There are sustainable ways to live comfortably, industrial technology just requires extra steps and environmental destruction.
Industry is only making this worse with climate change. We need to stop industry if we're going to survive.
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gemgodddess · 5 months
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Self Evaporating Portable Air Conditioner
When you find a self evaporating portable air conditioner at the store, you might be intrigued to know what it is and what the advantages are that it provides when compared to a regular cooling device.
One of the main advantages of these devices is that there is no need to empty or drain its water container.
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Hello everyone! New to tumblr haha
This is an origami Aziraphale and Crowley from the Good Omens eden wall scene, both figures are folded from the same uncut square sheet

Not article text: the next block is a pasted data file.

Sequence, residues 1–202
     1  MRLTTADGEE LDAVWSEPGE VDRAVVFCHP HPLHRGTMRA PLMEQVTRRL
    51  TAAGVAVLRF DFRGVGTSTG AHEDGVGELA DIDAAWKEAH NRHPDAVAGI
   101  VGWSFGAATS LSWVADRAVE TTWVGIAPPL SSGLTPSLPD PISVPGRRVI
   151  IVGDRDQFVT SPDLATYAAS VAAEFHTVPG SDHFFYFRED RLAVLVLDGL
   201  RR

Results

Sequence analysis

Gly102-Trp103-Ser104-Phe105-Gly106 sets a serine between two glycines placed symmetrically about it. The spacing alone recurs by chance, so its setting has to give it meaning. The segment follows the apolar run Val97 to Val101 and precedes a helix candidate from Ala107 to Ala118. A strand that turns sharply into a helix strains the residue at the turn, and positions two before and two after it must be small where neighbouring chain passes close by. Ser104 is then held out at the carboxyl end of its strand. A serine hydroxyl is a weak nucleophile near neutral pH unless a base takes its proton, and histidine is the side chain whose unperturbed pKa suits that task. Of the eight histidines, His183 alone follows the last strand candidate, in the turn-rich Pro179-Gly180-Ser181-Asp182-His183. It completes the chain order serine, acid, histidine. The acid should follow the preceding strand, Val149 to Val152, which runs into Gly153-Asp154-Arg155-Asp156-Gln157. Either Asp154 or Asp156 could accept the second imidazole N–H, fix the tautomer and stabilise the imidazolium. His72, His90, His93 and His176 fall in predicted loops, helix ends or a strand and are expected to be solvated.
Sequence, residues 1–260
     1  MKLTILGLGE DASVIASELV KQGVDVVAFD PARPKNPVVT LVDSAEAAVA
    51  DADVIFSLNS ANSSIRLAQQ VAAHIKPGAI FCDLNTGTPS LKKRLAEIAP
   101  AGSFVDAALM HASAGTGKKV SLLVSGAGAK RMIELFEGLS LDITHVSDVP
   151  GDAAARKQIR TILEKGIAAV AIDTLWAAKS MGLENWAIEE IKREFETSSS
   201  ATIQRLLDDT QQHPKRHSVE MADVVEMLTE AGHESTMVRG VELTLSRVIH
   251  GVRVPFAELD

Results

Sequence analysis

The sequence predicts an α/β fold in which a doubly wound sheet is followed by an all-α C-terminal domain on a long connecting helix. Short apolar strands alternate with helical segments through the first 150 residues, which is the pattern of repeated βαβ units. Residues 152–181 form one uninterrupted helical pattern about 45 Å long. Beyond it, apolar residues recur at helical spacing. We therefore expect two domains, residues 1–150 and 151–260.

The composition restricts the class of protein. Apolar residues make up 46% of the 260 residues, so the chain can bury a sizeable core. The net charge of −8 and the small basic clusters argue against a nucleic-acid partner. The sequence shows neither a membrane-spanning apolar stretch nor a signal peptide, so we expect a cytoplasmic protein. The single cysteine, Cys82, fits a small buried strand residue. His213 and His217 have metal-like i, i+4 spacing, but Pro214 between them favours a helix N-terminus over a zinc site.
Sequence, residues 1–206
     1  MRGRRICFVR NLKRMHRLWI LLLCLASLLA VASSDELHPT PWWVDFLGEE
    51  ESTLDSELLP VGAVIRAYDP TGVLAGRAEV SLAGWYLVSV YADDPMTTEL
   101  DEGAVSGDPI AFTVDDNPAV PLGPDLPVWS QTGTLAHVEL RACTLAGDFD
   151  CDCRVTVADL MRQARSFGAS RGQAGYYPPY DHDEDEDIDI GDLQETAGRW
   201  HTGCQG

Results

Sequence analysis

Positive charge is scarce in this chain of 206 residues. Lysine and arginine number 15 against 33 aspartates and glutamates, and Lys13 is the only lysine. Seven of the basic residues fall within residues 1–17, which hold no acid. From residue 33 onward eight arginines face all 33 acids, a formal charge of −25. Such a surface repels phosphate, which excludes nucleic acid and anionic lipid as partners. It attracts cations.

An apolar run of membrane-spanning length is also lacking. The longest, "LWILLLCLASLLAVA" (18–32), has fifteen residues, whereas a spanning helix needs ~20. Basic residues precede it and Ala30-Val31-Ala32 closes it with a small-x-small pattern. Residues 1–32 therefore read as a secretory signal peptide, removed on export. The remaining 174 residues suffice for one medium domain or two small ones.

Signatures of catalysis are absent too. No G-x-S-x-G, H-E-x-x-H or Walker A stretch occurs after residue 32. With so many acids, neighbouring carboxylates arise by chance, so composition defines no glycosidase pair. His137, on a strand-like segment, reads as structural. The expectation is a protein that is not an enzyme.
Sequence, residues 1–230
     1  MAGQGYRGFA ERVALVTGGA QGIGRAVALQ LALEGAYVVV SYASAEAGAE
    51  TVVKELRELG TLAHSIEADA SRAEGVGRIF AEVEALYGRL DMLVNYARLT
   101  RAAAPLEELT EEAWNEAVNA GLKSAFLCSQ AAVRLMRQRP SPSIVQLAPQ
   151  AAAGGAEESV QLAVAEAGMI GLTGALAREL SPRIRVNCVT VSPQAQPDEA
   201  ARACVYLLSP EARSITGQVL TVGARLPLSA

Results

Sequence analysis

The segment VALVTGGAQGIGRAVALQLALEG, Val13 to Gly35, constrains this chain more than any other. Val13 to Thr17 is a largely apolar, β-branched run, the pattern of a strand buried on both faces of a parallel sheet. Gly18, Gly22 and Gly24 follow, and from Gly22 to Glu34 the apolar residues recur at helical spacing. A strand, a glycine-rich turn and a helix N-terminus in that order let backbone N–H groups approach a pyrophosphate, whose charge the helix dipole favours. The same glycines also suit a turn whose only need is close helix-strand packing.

@neil-gaiman
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goosetooths · 2 years
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here’s a lil comic i made recently with ao3’s annathehank— TRADITIONS! in which a demon bluffs really hard to get an angel to kiss him and the angel sees right through it but takes him up on it anyway. i hope you enjoy! :D
my patreon
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According to the U.S. Energy Information Administration, air-conditioning accounts for nearly a fifth of annual U.S. residential electricity use. This is more energy for cooling overall and per capita than in any other nation. Most Americans consider the cost of energy only in terms of their electricity bills. But it’s also costing us the planet. Joe Biden’s announcement to shift toward a renewable energy infrastructure obscures the uncertainty of whether that infrastructure could meet Americans’ outrageously high energy demand—much of it for cooling that doesn’t save lives. Renewable energy infrastructure can take us only so far. The rest of the work is cultural. From Freon to HFCs, we keep replacing chemical refrigerants without taking a hard look at why we’re cooling in the first place.